Matties: The goal is to match the product with the customer’s need, accordingly.

McCreary: Yes, and again, I think we just want to be a little more lean right now. Our manufacturing footprint is better, and we’re going to exploit that in the context of being a bit more aggressive with regard to the business that we’re pursuing.

Matties: For clarification, how many employees do you employ and how many have you reduced by?

McCreary: We are at 1800 full-time employees today after making a 15% reduction in overhead, which was primarily in the U.S.

Matties: And from the customer’s point of view, how would they feel that reduction in labor? Was some of this direct customer contact personnel that you let go?

McCreary: Every organization was impacted. That’s a fact. Some certainly more than others, but we have resources in place to call on everyone.  I think you’ll see us lean a little harder on our distribution partner here in the U.S., Insulectro. They have a really skilled workforce themselves, with a lot of capability. They know the customer base as well as our team, and we’ll probably a lean a little harder on them, but we haven’t turned away from anyone as a result of this.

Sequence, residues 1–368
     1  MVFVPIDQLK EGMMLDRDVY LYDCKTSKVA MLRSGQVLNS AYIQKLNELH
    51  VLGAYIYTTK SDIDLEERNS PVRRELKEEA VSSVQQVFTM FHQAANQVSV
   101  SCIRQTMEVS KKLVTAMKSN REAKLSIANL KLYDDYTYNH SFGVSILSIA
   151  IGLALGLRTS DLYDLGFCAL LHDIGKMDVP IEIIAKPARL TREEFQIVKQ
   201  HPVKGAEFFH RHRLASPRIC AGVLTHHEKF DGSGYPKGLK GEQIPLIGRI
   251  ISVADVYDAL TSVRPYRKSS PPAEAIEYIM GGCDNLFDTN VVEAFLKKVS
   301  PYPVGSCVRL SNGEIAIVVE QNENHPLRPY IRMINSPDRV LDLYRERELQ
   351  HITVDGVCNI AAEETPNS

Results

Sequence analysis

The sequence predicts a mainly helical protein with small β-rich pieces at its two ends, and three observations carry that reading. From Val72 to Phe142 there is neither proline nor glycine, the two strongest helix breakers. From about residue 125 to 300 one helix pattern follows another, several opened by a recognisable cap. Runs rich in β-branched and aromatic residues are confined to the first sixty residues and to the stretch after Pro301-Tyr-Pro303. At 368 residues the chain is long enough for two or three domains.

We consolidated some leadership. We rolled a couple of organizations together.Technical services, sales services and inside sales all are now under the one leader, which makes a lot more sense, to me at least. Independent of whether we took cost out or not, I just like that parameter a lot better.

Matties: What does it look like in the short-term future? Maybe one year from now? What can the industry expect from Isola? You’re going to be realigned and retuned?

McCreary: I think there are really three things that are going to look different. One is you’ll have a really extraordinarily talented new CEO in place. Donald and I will transition back to our role as board members so it will be nice continuity, but neither of us will stay in place. I have been super impressed with the caliber of talent that we have been able to attract. I believe that in the world of electronics there’s so much consolidation going on that there is talent available.